As Pastor of Bethany Community Church in Seattle, Richard teaches with vision of "making the invisible God visible" by calling people to acts of service and blessing. It's working, as a wilderness ministry, homeless shelter, and community meals that serve those living on the margins are all pieces of Bethany's life. "We're being the presence of Christ" he says, "and inviting everyone to join the adventure." Many have, making Bethany one of the fastest growing churches in America in 2009 according to Outreach Magazine.

  • Kyle

    Great post Richard, thanks. There was a great write up in the Times last week about a Holman’s nearly perfect game, and it was interesting to read all the comments from people who knew right where they were and who they were with, just like Vin’s voice reminding you of that 8-year old boy.

    Times piece — http://seattletimes.nwsource.com/html/mariners/2011619147_holman16.html

  • Kyle

    Great post Richard, thanks. There was a great write up in the Times last week about a Holman’s nearly perfect game, and it was interesting to read all the comments from people who knew right where they were and who they were with, just like Vin’s voice reminding you of that 8-year old boy.

    Times piece — http://seattletimes.nwsource.com/html/mariners/2011619147_holman16.html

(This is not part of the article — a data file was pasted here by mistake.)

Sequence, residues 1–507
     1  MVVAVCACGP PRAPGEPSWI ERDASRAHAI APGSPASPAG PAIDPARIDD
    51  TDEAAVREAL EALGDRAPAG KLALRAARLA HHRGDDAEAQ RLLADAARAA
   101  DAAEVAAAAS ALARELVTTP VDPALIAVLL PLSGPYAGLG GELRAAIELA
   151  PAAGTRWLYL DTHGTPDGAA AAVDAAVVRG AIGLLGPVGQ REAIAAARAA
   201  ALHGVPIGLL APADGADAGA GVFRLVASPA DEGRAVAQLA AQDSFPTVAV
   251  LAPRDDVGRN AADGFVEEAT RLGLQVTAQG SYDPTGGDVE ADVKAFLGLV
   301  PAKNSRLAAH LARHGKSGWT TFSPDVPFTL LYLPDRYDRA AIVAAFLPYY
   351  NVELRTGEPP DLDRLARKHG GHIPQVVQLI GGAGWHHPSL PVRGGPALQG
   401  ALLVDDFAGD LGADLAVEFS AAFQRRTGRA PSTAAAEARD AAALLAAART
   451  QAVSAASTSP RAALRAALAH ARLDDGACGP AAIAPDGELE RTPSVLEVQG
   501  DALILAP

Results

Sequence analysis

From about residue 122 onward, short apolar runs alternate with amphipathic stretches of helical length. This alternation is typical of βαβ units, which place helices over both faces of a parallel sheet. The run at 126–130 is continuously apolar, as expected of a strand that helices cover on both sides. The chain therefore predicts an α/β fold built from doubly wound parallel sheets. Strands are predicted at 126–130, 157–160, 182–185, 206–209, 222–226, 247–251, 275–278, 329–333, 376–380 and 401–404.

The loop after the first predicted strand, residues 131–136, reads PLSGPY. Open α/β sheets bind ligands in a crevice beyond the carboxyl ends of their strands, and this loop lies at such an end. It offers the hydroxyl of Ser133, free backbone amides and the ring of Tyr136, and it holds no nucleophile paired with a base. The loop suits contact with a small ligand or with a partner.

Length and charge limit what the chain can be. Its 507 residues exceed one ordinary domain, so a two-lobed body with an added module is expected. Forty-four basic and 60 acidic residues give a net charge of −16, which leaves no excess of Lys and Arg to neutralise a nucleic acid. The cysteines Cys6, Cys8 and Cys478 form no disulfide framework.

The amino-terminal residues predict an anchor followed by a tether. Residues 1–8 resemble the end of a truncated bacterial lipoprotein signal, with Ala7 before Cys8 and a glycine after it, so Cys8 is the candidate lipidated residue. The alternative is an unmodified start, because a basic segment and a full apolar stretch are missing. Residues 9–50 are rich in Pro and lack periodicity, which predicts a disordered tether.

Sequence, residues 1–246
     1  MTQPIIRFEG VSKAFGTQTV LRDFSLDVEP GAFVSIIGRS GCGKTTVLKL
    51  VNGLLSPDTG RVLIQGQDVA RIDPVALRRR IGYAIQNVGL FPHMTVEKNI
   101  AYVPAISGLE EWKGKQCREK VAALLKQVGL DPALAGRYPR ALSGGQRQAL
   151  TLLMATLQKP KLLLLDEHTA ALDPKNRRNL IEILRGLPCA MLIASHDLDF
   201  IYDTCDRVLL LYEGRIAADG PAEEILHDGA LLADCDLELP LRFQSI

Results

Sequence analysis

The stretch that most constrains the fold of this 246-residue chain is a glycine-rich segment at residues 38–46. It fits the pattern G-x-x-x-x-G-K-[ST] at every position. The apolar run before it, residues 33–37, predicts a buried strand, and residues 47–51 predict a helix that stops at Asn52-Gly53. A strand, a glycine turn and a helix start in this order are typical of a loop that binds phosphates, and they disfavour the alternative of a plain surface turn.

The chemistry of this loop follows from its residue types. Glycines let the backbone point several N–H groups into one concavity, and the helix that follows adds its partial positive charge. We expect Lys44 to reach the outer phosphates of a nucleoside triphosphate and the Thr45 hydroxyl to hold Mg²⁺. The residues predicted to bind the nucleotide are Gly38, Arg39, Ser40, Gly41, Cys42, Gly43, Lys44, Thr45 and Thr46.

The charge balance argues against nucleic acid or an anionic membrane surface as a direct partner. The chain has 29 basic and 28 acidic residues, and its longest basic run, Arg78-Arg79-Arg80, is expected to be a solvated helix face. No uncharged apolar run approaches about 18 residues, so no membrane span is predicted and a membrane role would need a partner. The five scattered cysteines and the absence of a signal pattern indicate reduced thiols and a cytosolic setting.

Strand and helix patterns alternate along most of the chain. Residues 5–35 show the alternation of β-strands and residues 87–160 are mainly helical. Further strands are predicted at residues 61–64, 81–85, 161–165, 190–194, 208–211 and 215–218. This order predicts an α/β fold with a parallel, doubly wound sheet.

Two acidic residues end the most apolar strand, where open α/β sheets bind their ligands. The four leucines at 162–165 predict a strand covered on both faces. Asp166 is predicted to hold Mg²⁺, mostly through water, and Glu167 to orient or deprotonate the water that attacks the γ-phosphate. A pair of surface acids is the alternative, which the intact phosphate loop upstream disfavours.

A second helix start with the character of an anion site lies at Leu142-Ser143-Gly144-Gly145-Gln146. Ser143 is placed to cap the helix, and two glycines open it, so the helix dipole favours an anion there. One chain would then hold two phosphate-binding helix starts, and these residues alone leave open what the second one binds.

• raincitypastor

    baseball is, for some reason, a more powerful memory trigger than other sports – not just for me, but for a lot of people

    • Patrick

      I still like to burry my face in my mitt and inhale the scent (and dirt) because it takes me back so quickly…so vividly.

      You’ll have to come to one of Bethany’s co-ed softball games this spring.

  • raincitypastor

    baseball is, for some reason, a more powerful memory trigger than other sports – not just for me, but for a lot of people

    • Patrick

      I still like to burry my face in my mitt and inhale the scent (and dirt) because it takes me back so quickly…so vividly.

      You’ll have to come to one of Bethany’s co-ed softball games this spring.

  • http://iammarshall.net Rich

    I remember growing up (in southern cal) listening to Vin on my transistor radio with the little white ear phone, under the covers because it was past my bedtime. To this day I get sleepy when I hear his voice.

    By the way, thank you for such an awesome sermon up at Forest Home this past weekend it was really energizing! I was part of the small group from Crossroad’s Community Church that made the trek from Camarillo.

    So glad to cross your path!

  • http://iammarshall.net Rich

    I remember growing up (in southern cal) listening to Vin on my transistor radio with the little white ear phone, under the covers because it was past my bedtime. To this day I get sleepy when I hear his voice.

    By the way, thank you for such an awesome sermon up at Forest Home this past weekend it was really energizing! I was part of the small group from Crossroad’s Community Church that made the trek from Camarillo.

    So glad to cross your path!

  • Ryan Thomas

    Nice to hear those to nostalgic thoughts; amazing what a voice, a song, a story can do to us. There are those times when all else falls away and life seems richer, we see more clearly, and the distance between heaven and earth seems miniscule. Oh, the thin places!

  • Ryan Thomas

    Nice to hear those to nostalgic thoughts; amazing what a voice, a song, a story can do to us. There are those times when all else falls away and life seems richer, we see more clearly, and the distance between heaven and earth seems miniscule. Oh, the thin places!